SPOILERS if you haven't read Books 1-6 and you want to!!! Stop reading now!
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London, England: J.K. Rowling has announced that the delay in writing the concluding book of her "Harry Potter" series has to do with her recent and previously unannounced conversion to Catholicism. "I had to rethink the ending quite a bit. I didn't want to leak this, but I think it is for the best, so that fans won't be shocked," said a radiant Rowling. So without further ado, her provided synopsis, as well as an editor's critical analysis.
Harry, having chastely and virtuously turned away his girlfriend Ginny in order to protect her from the evil of Satan (aka Voldemort, aka Tom Riddle), breaks his wand in half and throws himself about the mercy of Jesus Christ, who, despite references to Christmas and Easter holidays, has not been mentioned in the narratives. He develops a devotion to St. Michael the Archangel and chants St. Patrick's Breastplate prayer on a regular basis. Satan is frustrated by this ultimate denial of his importance and whines annoyingly in the background, doing damage but ultimately coming to nothing.
Harry spends much of the book debating, in Hamlet-like fashion, whether the people who have selflessly and lovingly died for him died outside of God's grace or not. The mid-section of the book is an extended internal debate between the Council of Florence's "Outside the Church, No Salvation," Karl Rahner's "anonymous Christianity," and C.S. Lewis' "Emeth, the good Calormene" in The Last Battle. This extended reflection, holding these people in his heart--Dumbledore, Sirius Black, and his mom and dad--lends Harry insight into the everlasting nature of the soul as well as the radical need to trust in God's justice and mercy. Harry ends the book making first vows with the Franciscans.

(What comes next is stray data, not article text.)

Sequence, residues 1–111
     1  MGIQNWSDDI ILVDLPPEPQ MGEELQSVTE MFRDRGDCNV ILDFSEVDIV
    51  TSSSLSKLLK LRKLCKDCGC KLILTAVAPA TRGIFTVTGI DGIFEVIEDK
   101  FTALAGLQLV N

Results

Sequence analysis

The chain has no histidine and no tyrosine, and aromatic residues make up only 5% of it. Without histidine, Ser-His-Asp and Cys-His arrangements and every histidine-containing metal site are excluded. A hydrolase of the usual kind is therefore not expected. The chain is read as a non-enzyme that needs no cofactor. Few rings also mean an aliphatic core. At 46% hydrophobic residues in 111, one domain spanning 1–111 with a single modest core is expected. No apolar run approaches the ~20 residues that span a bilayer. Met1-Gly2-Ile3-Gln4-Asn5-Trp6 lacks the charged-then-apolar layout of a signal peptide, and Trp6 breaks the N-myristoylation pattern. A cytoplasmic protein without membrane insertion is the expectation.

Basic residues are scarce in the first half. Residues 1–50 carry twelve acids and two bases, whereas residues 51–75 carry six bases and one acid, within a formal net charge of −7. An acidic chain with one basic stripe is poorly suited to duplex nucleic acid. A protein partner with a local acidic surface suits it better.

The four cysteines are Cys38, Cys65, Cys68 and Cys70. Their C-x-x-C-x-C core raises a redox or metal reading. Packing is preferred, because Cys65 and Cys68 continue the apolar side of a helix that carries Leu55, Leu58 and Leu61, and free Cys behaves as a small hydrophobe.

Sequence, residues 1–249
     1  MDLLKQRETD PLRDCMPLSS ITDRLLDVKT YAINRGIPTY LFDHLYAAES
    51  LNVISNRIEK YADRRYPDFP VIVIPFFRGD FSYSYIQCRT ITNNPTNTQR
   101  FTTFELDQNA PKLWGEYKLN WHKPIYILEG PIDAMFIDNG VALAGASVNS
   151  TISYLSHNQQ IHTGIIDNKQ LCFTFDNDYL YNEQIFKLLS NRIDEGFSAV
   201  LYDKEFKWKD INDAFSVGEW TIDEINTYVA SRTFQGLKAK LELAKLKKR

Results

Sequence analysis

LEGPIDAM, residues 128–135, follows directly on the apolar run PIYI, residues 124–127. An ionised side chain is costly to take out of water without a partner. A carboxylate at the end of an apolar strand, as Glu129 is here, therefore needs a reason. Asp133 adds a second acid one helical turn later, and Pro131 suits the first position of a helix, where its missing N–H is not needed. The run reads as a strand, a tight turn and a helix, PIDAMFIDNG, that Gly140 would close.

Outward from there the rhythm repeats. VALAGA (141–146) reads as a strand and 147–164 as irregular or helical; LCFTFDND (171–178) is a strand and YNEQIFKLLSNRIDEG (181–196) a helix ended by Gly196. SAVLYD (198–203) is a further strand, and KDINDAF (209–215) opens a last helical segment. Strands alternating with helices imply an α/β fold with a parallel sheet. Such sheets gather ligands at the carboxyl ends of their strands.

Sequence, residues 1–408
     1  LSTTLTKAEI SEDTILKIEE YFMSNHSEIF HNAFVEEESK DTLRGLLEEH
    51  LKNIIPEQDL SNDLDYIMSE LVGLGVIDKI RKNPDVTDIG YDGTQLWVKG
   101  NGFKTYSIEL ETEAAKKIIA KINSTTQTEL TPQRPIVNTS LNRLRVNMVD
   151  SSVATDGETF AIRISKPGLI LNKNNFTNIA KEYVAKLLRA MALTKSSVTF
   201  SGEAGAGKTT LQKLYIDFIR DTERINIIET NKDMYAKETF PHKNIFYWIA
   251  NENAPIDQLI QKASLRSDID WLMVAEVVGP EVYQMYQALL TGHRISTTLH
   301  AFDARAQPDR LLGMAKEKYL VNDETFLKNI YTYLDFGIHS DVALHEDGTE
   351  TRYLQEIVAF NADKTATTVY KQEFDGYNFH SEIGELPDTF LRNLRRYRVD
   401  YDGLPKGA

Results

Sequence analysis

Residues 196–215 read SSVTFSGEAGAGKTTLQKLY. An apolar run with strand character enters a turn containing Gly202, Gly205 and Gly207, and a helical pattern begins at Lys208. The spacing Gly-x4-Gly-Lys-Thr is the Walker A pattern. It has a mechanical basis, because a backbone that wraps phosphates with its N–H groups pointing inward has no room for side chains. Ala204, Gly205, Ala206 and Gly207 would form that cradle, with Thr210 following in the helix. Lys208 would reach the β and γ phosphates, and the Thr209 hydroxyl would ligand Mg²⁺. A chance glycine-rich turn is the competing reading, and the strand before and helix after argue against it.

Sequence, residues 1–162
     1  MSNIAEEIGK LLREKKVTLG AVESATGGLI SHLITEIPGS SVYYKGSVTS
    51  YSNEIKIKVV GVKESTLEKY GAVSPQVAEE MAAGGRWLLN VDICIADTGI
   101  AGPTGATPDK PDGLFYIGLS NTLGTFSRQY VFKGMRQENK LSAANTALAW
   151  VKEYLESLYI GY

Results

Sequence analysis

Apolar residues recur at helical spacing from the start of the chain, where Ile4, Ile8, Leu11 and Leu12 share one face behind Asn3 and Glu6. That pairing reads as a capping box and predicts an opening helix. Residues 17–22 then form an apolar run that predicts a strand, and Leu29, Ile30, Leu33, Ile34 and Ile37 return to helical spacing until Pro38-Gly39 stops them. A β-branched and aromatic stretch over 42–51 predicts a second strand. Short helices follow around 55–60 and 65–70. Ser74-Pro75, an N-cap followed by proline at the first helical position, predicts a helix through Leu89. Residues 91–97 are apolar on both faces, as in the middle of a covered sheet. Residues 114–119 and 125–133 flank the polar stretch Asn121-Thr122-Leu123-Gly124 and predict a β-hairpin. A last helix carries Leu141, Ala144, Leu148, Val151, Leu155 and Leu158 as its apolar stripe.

In supporting character development:
- Ron and Hermione, who have decided to stop acting like teenage idiots, are now engaged and making an engaged encounter retreat. They are learning NFP, in which Hermione's prodigious talent at Arithmancy is coming in handy. Ron is afraid he will lose the thermometer.
- The Weasley Brothers change their magic pranks shop in Diagon alley into a religious goods store, specializing in sacramentals.
- Percy, in a scene directly out of the prodigal son parable, returns to his parents claiming "I am not worthy to be your son." Mom and Dad Weasley kill the fatted garden gnome and celebrate, to the initial annoyance of Ron.
- In the most dramatic part of the book, Harry explains his new worldview to Snape, culminating in an apology for how he has treated Snape as sub-human scum. Snape then confronts the Death Eaters, stating that Jesus Christ died for wounded, flawed, untouchable people like him, and he was willing to choose Jesus rather than the any supposed "benefits" the Death Eaters have ever offered him, completing a journey from darkness to light that has taken his entire life. He is promptly martyred.
Since Jesus Christ has already redeemed the world through his death and resurrection, the plot is somewhat less hyper-inflated than in years past. Readers appreciating character development will enjoy the new twist. The book has no plot other than the lead characters' growth in holiness (of which the Augustinian-tinged conversion scene of Draco Malfoy is admittedly a nice touch). --Publishers Weekly.
Rowling has pledged to give 90% of all profits to Catholic Relief Services, which is planning to single-handedly end world poverty with the windfall.